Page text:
For Archbishop Raymond G. Hunthausen of Seattle, it's been an upbeat week of pats on the clerical back, friendly episcopal handshakes and blessings of support from his brother Catholic bishops. Two hundred and seventy of them, from powers like Cardinal Terence Cooke of New York, who dined at the White House during the week, to Innocent Hilarion Lotocky of Chicago who ranks 354 in the list of 354 living Catholic prelates, convened here at the annual meeting of the National Conference of Catholic Bishops. It began Monday and concluded Thursday.
Among the rulers in black, Hunthausen, a priest for 35 years who was elevated to the episcopacy in 1962 by Pope John XXIII, was as unlikely a celebrity as he is a leader of what is fast becoming an opposition church.
Last June, in language as forcefully clear as a trumpet blast from Gabriel, Hunthausen looked at the escalating military budget for nuclear weapons and counseled his flock that it was time to cut off the water -- or at least the trickle that each individual controls. He asked the Catholics of Seattle to consider refusing to pay half of their federal income taxes as a protest in conscience against what many in the peace movement see as the nation's war footing: "We have to refuse to give our incense -- in our day, tax dollars -- to the nuclear idol," he said. "Some would call what I am urging 'civil disobedience.' I prefer to see it as obedience to God."
Hunthausen, who has taken to the pavement in public demonstrations at the Trident submarine base in his native Puget Sound area, said last summer that "when crimes are being prepared in our name we must speak plainly." But the plain talk is not expressed in stridence. Hunthausen is a soft-mannered soulful clergyman who looks as if he would prefer hearing confessions at a Little Sisters of the Poor convent to challenging the might of the Pentagon and the Internal Revenue Service.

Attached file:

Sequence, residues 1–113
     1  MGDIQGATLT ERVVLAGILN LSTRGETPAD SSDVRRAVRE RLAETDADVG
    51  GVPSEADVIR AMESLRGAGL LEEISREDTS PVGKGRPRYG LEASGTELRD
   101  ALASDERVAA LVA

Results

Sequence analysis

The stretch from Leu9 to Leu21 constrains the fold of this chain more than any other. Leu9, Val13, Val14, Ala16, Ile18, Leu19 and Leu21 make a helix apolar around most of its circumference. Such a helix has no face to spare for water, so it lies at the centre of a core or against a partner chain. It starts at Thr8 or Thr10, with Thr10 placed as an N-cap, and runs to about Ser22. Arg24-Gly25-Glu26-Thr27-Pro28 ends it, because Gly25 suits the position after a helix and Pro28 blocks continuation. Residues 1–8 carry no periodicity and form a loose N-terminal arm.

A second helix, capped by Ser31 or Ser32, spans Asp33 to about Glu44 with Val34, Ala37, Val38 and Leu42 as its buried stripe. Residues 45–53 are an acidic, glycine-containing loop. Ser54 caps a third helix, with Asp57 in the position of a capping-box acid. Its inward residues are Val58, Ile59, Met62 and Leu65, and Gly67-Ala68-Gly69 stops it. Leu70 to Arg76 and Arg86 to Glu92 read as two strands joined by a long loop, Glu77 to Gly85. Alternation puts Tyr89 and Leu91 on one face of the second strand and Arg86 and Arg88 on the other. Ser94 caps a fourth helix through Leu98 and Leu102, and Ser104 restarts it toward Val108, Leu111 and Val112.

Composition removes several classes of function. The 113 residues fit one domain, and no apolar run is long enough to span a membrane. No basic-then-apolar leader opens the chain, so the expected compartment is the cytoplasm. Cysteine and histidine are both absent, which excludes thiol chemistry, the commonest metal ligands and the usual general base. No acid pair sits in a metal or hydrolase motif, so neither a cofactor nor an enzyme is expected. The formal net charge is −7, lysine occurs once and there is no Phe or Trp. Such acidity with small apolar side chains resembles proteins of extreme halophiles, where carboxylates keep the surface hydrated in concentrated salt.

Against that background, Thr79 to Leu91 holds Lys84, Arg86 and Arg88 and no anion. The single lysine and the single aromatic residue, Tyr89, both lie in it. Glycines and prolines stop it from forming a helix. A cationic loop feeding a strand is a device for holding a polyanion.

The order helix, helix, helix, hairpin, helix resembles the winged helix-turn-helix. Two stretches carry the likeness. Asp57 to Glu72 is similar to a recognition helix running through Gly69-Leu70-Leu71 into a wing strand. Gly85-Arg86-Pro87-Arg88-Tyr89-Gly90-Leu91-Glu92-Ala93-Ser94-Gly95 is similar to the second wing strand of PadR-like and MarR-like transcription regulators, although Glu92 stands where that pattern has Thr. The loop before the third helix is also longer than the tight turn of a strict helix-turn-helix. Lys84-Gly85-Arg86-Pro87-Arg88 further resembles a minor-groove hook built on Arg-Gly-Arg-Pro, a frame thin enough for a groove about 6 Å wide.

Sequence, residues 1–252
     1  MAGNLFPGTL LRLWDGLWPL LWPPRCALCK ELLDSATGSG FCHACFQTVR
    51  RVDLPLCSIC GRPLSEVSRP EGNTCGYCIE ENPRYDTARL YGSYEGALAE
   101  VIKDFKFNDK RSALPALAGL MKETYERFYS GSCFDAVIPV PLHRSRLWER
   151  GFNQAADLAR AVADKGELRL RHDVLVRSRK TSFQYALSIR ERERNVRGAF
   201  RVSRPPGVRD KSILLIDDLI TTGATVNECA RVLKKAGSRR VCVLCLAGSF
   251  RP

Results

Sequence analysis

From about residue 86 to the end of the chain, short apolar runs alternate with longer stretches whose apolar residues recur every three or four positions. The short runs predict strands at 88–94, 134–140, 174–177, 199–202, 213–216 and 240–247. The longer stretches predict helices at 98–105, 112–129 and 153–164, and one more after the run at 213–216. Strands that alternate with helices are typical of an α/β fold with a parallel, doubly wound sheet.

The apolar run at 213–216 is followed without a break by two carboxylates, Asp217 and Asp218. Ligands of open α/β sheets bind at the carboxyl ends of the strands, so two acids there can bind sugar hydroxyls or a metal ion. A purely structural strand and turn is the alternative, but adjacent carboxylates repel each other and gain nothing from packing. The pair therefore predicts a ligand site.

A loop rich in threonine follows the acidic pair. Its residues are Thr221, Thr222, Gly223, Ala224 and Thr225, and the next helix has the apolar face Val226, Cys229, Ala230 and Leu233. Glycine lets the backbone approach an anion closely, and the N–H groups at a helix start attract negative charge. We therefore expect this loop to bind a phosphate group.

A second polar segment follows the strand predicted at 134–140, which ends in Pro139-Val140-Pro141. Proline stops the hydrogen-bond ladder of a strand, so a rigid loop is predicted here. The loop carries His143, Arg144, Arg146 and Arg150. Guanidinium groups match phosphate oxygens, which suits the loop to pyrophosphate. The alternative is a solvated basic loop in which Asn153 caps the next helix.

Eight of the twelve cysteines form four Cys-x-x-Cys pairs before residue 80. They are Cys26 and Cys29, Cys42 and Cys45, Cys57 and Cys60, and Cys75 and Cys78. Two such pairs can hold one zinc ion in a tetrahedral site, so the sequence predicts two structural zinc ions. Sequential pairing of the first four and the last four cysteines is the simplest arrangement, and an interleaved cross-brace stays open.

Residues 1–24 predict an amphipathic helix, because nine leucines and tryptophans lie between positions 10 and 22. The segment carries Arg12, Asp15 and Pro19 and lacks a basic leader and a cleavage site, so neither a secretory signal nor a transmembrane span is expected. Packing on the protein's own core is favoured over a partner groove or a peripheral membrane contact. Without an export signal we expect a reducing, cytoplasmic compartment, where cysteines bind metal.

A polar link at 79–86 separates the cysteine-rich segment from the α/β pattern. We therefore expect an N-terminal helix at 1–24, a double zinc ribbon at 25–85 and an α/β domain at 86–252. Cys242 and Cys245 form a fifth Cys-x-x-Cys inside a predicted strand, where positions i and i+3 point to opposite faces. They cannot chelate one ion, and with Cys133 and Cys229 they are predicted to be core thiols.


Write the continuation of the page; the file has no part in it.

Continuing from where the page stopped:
He knows he is a late arriver on the scene: "My convictions have been with me for a number of years. I just didn't particularly feel comfortable in speaking out." He admits to be edgy about whether he himself will join the growing tax resistance movement: "I have until April 15th, and you can be sure I'm doing some hard thinking."
The lateness and willingness to become vocal, without worrying if men or angels are offended, is a new direction for American Catholicism. More than 50 archbishops and bishops are now members of Pax Christi, the international peace organization. A year ago, less than 20 belonged. A few weeks ago, 29 bishops endorsed a statement of the Intercommunity Center for Peace and Justice that "the possession of nuclear weapons is immoral." In the summer, when Bishop Leroy Matthiesen of Amarillo, Tex., called on workers at a local munitions factory to think about seeking other work, he was quickly supported by the other 11 bishops in the state.